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View Diary: Tax Loopholes, Just Another Way to Lie and Cheat The American People! (11 comments)

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  •  Certianly True (0+ / 0-)

    Go back and read my statement carefully. This for foreign income.

    Please note Goggle declined to comment on this to Bloomberg, if they disagreed with the facts surely they would have offered a correction.

    Such accounting measures cost the US Government more than 60 Billion a year and other governments as well.

    Why Google got singled out is their rate is exceptionally low, something uniquely available to software driven industries that run, essentially virtual enterprises based on license fees that can be set artificially low.

    Suggest you research this a bit more.

    Goggle actually has very parasitic business practices and little respect for rule of law, and other examples is their appropriation of copyrighted materials for Goggle Books which they compiled without authorization and then used hardball tactics to obtain the lowest possible royaltypayments, far below standard rates.

    Still another is Goggle Streets which they executed globally without consideration of national laws and now has them in hot water in several countries due to invasion of privacy due to local laws.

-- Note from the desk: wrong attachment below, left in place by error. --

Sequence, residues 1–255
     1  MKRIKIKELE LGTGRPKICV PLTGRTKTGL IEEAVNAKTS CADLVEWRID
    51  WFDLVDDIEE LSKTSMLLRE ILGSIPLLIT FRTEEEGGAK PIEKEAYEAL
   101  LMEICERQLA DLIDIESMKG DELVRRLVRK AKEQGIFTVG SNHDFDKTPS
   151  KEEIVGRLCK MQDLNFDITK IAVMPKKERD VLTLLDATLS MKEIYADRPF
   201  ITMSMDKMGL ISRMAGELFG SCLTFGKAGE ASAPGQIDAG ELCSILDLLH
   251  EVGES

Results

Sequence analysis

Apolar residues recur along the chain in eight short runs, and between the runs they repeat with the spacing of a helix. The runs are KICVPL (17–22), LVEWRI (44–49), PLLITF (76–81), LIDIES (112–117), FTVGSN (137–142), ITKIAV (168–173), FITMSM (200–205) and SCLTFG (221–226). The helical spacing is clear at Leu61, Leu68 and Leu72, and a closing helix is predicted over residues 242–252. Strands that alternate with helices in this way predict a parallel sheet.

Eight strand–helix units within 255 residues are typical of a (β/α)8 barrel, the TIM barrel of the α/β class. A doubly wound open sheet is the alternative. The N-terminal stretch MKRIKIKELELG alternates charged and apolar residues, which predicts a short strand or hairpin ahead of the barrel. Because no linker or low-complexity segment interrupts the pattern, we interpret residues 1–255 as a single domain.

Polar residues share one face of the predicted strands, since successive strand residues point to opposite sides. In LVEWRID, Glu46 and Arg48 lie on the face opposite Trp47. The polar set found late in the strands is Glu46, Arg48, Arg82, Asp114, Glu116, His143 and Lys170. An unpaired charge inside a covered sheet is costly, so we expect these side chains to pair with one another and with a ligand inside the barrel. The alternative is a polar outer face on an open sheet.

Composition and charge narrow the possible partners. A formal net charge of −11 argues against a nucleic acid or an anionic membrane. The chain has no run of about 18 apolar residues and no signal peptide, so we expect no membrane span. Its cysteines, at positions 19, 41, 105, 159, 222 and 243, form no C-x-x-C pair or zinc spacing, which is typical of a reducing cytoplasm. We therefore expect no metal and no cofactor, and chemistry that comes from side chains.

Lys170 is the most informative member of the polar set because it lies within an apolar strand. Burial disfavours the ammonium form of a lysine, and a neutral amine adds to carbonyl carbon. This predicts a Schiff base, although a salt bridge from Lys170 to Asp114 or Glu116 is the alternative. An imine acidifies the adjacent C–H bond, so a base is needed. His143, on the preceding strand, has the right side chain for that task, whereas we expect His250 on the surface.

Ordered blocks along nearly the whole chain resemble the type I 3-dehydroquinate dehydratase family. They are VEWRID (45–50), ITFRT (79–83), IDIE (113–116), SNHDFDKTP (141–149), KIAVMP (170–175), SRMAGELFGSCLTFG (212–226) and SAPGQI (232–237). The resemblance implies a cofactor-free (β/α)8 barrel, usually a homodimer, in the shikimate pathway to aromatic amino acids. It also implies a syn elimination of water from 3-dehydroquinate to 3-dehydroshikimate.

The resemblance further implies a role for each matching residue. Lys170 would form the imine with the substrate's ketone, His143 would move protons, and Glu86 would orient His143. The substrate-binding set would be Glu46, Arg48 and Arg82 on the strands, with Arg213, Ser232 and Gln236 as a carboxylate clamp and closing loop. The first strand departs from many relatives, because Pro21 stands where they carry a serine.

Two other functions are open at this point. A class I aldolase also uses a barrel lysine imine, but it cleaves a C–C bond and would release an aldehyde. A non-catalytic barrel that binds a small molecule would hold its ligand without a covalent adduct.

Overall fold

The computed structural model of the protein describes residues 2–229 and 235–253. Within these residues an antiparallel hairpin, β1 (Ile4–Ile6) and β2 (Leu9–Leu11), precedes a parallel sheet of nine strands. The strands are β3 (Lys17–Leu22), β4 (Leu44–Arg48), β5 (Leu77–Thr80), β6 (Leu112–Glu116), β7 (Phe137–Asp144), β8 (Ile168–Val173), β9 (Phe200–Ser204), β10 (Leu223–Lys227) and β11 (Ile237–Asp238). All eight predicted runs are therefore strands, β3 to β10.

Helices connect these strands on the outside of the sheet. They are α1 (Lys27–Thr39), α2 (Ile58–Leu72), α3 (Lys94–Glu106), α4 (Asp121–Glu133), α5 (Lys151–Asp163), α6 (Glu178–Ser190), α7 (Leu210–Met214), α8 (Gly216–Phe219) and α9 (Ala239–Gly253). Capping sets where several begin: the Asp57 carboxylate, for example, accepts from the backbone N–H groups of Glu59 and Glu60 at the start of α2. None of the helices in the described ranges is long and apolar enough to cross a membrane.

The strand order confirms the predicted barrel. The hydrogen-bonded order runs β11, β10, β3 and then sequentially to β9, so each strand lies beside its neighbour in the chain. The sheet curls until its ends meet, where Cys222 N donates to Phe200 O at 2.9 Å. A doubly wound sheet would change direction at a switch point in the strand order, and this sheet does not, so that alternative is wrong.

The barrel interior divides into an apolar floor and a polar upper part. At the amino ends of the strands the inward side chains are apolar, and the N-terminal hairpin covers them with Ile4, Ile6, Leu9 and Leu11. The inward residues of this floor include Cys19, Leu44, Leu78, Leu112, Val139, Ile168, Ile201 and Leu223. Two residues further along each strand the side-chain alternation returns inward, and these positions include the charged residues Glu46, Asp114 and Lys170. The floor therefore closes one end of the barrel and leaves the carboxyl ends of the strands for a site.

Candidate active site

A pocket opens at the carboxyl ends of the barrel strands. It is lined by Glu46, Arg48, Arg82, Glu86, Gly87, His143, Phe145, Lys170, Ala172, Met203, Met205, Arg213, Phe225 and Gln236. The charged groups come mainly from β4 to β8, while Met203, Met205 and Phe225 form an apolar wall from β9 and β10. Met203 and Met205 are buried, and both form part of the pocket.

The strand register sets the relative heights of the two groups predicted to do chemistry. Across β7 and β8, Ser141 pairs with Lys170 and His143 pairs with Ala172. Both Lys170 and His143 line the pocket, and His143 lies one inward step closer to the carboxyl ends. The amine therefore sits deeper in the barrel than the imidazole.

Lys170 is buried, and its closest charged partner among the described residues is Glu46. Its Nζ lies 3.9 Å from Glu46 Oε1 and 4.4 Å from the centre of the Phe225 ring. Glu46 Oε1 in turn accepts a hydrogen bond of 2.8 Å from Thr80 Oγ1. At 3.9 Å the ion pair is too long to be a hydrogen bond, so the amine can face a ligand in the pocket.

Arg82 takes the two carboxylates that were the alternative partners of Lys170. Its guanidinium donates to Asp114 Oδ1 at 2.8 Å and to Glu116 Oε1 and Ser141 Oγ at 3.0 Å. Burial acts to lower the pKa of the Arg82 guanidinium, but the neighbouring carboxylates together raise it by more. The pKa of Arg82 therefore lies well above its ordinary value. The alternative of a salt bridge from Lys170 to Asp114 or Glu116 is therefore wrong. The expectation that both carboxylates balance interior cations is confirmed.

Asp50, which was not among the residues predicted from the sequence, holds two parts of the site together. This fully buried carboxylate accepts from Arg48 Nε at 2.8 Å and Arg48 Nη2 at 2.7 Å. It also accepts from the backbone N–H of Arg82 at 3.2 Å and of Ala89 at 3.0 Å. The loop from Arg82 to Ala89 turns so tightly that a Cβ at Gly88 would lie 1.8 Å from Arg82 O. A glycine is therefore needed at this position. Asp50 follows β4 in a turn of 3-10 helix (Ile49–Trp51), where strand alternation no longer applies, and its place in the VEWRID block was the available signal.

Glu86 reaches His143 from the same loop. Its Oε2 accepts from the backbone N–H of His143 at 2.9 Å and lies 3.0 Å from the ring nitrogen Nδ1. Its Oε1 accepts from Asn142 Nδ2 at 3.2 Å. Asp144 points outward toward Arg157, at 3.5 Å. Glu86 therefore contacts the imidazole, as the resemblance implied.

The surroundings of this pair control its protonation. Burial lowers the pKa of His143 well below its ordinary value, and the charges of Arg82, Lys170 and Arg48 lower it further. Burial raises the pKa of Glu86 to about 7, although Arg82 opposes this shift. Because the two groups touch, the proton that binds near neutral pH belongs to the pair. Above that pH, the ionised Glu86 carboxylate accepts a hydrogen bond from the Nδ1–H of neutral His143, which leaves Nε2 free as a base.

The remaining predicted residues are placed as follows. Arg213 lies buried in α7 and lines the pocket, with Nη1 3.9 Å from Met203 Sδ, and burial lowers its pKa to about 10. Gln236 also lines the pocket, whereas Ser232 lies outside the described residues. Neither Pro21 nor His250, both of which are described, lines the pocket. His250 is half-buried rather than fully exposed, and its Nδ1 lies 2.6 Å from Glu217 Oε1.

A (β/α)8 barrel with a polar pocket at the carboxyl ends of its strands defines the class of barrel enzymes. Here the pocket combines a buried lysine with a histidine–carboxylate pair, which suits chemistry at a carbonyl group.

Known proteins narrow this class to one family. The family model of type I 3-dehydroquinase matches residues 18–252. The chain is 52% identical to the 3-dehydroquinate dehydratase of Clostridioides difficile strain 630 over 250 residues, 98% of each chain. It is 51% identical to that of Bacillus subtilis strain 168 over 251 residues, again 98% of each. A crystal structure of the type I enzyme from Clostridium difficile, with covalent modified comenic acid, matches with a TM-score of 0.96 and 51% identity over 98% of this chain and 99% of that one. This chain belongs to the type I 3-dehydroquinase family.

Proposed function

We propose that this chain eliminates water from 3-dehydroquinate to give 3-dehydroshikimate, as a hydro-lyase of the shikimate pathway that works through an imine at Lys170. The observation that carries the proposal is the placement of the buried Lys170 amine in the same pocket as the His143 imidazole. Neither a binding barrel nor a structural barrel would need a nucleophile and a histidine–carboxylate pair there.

But if you research the details I quoted I think you will find this accurate.

    What about my Daughter's future?

    by koNko on Fri Oct 29, 2010 at 07:17:44 PM PDT

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    •  koNko, Google's obligation is to its shareholders (0+ / 0-)

      I did not understand your comment accurately, and while you do refer to foreign income you don't make it clear that the tax rate is soley for the foreign income, or give a more complete picture by stating Google's actual effective US tax rate as noted by burrow owl. It really doen't matter what political philosophy its founders have, as a public company Google has a fiduciary duty to its shareholders to pay the minimum amount of US corporate income taxes. I noted a famous quote in one of my comments above that does a great job of explaining the obligations of US taxypayers (both individual and corporate), but I'll repeat it here:

      One of the most famous appellate judges of his generation, and a well know progressive, said it best in a 1947 case, Gregory v Halvering 69 F.2d

      "Anyone may arrange his affairs so that his taxes shall be as low as possible; he is not bound to choose that pattern which best pays the treasury. There is not even a patriotic duty to increase one's taxes. Over and over again the Courts have said that there is nothing sinister in so arranging affairs to keep taxes as low as possible. Everyone does it, rich and poor alike, and all do it right, for nobody owes any public duty to pay more than the law demands."

      Judge Learned Hand
      U.S. Court of Appeals  

      "let's talk about that"

      by VClib on Fri Oct 29, 2010 at 08:17:47 PM PDT

      [ Parent ]

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